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Animal Farm by George Orwell - Comparison of Orwell's Original Novel with the animated film version directed by John Halas and Joy Batchelor (remastered 1993).
Where as in the film there are extensive amounts of descriptive detail about the farm. At first the audience sees a pastoral vision of an ideal pastel coloured landscape of rolling green hills, trees in blossom, and a blue sky. As the camera pans through the landscape though, it comes to Manor Farm and its dark towering buildings are distorted by lots of long shadows which are threatening as they seem to swallow the buildings in blackness. The film-makers make use of aerial shots which give a sense of the farm being very isolated from the outside world.
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After a period of "seeming friendship with Pilkington", Napoleon declares he has "really been in secret friendship with Frederick." However, this clever plan backfires as Frederick cheats ad attacks Napoleon. A final example of this aspect of Napoleon is seen in the way he "uses" Snowball after his departure. He does this by blaming Snowball for everything that goes wrong on the farm. This is an effective way of preventing the animals from criticizing Napoleon who, as the leader, is the one who should take the blame. 2 Hypocrisy In his progress towards total power, Napoleon pretends to believe in Animalism and pretends to act for the good of the animals.
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What is the purpose of satirical texts 'A Modest Proposal' by Jonathan Swift and 'Animal Farm' by George Orwell?
Old Major and his speech of the Rebellion in the future 'Why, work night and day, body and soul, for the overthrow of the Human race! This is my message to you comrades: Rebellion.' He also tells the Animal how to make the Rebellion work. This shows that Old Major, like Lenin wanted freedom for his land and people, but knew that there would have to be a Rebellion for this to take place! After the death of Lenin there was a battle to gain the power of the Communist Russia between two men, Stalin and Trotsky.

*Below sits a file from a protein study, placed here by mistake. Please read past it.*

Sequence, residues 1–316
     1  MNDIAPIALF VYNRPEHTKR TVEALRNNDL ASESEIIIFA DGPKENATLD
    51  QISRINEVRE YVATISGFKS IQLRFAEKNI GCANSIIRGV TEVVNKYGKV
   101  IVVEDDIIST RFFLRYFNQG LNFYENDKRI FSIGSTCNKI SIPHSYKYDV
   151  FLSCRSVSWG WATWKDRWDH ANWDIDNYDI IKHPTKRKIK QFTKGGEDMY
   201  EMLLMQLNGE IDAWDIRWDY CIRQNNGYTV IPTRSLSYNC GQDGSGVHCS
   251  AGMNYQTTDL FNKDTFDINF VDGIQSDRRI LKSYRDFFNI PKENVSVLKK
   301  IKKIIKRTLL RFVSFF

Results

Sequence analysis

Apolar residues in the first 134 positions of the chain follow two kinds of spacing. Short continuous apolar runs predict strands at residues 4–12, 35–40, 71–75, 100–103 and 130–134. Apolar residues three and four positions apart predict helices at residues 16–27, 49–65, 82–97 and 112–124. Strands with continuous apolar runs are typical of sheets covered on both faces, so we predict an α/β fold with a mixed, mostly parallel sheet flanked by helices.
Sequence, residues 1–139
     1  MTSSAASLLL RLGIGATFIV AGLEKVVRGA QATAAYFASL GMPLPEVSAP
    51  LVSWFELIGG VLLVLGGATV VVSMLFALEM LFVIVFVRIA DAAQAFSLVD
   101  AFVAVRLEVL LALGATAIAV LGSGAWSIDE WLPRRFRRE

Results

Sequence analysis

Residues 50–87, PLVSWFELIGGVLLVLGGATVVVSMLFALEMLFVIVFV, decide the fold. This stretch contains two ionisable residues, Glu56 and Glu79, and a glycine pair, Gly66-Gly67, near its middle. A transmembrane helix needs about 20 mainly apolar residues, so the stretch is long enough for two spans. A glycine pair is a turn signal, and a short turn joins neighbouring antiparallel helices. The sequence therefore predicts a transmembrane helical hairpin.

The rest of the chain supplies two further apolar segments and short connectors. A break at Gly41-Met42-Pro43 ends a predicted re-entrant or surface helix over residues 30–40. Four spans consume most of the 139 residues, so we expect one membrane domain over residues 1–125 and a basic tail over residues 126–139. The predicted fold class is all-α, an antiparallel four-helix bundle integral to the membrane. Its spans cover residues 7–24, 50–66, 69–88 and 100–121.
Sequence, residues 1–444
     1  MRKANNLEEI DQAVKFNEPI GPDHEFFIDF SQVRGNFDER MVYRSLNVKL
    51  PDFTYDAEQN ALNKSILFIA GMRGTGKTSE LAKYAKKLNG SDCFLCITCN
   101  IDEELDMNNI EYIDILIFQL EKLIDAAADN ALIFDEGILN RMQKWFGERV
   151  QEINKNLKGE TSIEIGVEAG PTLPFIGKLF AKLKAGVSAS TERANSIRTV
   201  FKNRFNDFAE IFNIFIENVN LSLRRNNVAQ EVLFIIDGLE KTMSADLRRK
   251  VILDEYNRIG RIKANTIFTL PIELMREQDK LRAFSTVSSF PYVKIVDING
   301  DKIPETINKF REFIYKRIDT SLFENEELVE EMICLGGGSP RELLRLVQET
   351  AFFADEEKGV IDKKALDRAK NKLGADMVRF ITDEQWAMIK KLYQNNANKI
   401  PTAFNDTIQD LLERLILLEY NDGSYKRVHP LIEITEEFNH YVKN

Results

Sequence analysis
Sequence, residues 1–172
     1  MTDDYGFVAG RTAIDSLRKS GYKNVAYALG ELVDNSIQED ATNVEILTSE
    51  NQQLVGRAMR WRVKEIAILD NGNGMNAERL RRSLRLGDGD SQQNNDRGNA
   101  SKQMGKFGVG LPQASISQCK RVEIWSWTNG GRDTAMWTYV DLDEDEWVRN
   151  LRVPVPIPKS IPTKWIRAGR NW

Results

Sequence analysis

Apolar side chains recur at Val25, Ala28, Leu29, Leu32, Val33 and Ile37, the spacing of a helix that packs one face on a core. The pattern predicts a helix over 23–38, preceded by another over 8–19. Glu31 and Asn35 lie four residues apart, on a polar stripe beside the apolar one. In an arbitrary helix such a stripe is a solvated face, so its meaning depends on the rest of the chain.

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What Aspects of Life in Their Respective Times were Subject Jonathan Swift and George Orwell Reacting to in A Modest Proposal and Animal Farm, and how Effectively do they use the Techniques of Satire to convey their Response?
It is bitter in that it depicts a revolution for an ideal being increasingly betrayed until it totally disappears and the society returns to the state it was in before. I think Orwell was reacting mainly to the Marxist ideal, and the world today. Swift has described satire in this way: "Satire is a kind of glass wherein a beholder may look upon anyone's face but his own." I believe this to be a very concise definition, because in satire you never see quite what you expect, as the objects of the satire have been known to believe that their ridiculing was actually serious.
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Compare and contrast the themes of revolution in Animal Farm by George Orwell and A Tale of Two Cities by Charles Dickens